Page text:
While lifts and pattens were fading in style, some of the lower classes used them. With little funds to replace clothing due to a little mud one is sure to encounter no matter where in England they reside, it was a cheaper solution.

Pride & Prejudice Collection by Maria Hermosura

Even at a ball, the cut of the dress was at the ankles or ladies held their hems up to avoid spoiling the gowns. To me, this makes the greatest sense in the world, anything to put off the laundry days for just a little longer. The real wonder is how the maid at an inn had the clothes of a lady, gentleman, or family refreshed overnight!

Sources for Your Petticoats are Again Six Inches Deep in Mud!:

Vic “Regency Fashion: Keeping Hems Clean” Jane Austen’s World April 12, 2014, Regency Fashion: Keeping Hems Clean | Jane Austen’s World (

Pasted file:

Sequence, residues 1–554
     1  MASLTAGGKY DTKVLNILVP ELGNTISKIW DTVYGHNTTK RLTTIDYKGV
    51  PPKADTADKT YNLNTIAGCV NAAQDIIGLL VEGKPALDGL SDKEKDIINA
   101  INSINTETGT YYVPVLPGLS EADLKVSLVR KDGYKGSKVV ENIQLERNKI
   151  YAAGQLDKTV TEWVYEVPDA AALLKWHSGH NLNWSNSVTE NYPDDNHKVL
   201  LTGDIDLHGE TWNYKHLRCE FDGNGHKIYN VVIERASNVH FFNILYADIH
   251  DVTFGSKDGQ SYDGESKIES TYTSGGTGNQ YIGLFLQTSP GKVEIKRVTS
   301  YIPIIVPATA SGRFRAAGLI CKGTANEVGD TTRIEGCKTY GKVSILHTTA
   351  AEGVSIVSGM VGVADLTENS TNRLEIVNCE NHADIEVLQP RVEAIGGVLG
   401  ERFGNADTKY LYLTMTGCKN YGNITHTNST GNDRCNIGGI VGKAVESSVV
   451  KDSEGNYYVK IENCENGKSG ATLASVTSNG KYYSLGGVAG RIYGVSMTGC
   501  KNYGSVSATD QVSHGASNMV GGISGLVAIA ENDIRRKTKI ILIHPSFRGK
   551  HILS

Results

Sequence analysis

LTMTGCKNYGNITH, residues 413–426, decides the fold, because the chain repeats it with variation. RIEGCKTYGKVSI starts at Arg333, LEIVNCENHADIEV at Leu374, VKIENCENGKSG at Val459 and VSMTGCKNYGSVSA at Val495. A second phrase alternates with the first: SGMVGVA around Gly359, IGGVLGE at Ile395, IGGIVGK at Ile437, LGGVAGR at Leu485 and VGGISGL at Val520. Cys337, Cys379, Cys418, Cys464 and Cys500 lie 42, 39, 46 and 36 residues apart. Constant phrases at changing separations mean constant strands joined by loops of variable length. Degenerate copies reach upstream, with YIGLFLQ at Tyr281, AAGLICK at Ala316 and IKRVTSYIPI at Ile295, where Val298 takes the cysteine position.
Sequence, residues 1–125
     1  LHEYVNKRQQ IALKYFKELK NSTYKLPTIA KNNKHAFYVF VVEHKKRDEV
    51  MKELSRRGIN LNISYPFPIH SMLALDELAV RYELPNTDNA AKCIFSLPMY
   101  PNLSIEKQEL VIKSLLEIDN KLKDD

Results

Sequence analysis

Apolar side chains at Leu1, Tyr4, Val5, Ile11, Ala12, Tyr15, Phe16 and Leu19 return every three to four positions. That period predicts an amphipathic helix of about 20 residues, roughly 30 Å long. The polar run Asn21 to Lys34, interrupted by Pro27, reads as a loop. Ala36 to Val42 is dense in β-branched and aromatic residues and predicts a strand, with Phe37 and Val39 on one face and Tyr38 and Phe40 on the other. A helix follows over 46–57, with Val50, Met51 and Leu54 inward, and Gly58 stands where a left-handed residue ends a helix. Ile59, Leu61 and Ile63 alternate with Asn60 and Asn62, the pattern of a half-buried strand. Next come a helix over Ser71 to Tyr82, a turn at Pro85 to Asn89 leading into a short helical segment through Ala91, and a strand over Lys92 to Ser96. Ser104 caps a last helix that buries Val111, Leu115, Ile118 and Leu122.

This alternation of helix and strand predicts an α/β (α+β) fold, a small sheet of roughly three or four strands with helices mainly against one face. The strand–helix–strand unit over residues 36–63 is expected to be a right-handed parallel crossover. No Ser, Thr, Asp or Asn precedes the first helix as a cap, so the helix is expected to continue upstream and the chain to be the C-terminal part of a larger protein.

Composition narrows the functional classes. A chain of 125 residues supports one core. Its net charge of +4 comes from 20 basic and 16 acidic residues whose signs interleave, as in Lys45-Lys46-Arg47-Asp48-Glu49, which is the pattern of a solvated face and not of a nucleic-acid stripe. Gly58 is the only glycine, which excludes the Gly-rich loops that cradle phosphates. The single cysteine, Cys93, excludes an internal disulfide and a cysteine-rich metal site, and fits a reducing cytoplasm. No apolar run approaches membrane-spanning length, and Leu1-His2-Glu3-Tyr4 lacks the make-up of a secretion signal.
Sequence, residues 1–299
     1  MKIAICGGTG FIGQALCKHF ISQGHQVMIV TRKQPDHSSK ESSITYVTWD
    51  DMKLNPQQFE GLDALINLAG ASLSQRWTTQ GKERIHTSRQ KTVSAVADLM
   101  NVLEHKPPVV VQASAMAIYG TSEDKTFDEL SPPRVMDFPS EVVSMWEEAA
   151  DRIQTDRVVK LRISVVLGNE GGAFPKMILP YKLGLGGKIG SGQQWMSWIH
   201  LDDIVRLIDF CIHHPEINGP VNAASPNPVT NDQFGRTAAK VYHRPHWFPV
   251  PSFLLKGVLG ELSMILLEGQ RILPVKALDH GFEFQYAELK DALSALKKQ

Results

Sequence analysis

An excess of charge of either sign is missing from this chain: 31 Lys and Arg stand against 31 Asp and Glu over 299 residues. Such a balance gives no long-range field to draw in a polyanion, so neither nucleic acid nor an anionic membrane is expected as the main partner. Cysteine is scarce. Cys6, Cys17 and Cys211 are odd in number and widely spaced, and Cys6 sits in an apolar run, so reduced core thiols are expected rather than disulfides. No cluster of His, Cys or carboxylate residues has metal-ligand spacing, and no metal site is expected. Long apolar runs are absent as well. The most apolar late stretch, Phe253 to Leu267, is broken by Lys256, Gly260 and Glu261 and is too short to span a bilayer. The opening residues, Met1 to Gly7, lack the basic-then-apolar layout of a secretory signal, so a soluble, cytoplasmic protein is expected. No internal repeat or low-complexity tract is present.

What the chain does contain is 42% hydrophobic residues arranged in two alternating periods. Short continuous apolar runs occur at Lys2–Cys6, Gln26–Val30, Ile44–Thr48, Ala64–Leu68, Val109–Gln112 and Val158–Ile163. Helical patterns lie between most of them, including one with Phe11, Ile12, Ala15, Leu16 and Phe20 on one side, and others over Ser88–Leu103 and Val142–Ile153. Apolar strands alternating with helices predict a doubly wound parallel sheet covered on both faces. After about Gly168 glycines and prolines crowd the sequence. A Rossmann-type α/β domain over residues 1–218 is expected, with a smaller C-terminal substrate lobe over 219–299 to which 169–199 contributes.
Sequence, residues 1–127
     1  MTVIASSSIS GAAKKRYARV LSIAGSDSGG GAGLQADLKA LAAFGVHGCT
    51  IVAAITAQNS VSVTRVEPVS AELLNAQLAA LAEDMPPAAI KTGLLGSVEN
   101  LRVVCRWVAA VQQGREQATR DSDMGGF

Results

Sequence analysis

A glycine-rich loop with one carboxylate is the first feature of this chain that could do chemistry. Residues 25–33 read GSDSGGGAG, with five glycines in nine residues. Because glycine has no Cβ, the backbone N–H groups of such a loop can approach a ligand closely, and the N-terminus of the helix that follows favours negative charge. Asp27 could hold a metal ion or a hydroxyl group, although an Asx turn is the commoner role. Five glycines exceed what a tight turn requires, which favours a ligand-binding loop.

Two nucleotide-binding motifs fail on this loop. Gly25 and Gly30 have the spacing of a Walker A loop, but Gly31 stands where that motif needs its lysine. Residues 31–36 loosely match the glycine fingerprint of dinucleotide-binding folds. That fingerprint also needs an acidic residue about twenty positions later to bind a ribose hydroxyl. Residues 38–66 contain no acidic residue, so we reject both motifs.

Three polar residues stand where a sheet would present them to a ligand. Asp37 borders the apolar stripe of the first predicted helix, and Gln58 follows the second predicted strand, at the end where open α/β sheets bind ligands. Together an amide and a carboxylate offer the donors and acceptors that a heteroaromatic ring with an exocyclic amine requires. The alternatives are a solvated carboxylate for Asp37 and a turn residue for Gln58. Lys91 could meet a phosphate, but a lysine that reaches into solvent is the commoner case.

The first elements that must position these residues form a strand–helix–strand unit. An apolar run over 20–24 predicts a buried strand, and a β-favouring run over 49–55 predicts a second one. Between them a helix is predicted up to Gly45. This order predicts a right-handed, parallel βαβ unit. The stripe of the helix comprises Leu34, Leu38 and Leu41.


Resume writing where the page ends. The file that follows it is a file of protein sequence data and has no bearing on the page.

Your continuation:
Vic “Laundry, Georgian Style” Jane Austen’s World August 3, 2011, Regency laundry | Jane Austen’s World (

Vic “Every Day Chores of Laundry and Scullery Maids, and Washer Women” Jane Austen’s World July 24, 2007,

13 responses to “Your Petticoats are Again Six Inches Deep in Mud!”

  1. Glynis Avatar

    I’ve also wondered how clothes can be given to Inn staff at night and ready next morning?? I can only assume they are brushed and pressed and not actually laundered! When I was young my Mum had a boiler to wash the clothes and my job was to rub them on the washboard then put them through the mangle! I bought my first automatic washer just before I had my first baby. I managed to get a shop display one cheaper and it lasted me for years.

    1. Regina Jeffers Avatar

      Glynis, I think we were “sisters from different mothers.” We had many similar experiences growing up.

      1. kimbelle1 Avatar

        Regina, there are so many things to love about the Regency era, and many of your blogs through the years share them with us! This, however, must be in the top 5 reasons to appreciate the era we’re in 😉

    2. kimbelle1 Avatar